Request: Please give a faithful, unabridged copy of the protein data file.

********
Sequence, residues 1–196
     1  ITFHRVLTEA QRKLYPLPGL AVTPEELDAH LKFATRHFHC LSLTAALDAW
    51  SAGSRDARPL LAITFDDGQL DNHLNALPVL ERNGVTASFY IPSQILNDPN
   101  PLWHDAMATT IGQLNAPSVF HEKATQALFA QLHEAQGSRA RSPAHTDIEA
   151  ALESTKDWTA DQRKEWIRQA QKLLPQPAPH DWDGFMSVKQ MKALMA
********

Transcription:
Sequence, residues 1–196
     1  ITFHRVLTEA QRKLYPLPGL AVTPEELDAH LKFATRHFHC LSLTAALDAW
    51  SAGSRDARPL LAITFDDGQL DNHLNALPVL ERNGVTASFY IPSQILNDPN
   101  PLWHDAMATT IGQLNAPSVF HEKATQALFA QLHEAQGSRA RSPAHTDIEA
   151  ALESTKDWTA DQRKEWIRQA QKLLPQPAPH DWDGFMSVKQ MKALMA